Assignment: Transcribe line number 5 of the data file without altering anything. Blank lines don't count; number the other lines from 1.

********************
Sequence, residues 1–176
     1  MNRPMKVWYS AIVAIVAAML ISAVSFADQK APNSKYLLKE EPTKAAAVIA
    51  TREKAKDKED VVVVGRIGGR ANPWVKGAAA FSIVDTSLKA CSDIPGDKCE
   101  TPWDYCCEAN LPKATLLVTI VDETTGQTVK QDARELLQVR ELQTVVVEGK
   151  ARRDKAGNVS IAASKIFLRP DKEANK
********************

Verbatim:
   151  ARRDKAGNVS IAASKIFLRP DKEANK